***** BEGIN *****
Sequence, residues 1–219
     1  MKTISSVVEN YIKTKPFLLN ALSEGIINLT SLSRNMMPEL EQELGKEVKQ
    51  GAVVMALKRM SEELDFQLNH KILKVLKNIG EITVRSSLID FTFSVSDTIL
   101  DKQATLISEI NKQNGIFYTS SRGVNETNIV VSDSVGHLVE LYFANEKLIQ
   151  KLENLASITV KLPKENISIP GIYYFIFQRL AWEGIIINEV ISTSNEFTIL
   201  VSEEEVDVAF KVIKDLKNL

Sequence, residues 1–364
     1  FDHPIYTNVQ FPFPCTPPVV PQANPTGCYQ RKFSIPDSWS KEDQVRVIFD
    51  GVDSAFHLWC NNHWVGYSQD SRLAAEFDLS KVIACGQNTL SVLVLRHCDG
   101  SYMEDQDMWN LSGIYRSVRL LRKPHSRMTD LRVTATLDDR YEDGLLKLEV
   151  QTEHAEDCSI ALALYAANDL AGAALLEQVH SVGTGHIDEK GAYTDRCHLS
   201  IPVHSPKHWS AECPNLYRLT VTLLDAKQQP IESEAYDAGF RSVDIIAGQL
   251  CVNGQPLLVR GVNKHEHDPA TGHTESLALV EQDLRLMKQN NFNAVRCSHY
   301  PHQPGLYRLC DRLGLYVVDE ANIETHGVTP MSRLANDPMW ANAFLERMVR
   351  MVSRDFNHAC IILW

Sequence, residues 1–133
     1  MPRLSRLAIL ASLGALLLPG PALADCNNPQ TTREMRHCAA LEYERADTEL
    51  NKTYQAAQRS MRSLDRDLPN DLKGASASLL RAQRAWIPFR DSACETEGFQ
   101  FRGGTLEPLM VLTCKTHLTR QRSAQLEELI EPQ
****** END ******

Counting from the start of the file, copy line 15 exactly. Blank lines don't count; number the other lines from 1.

   351  MVSRDFNHAC IILW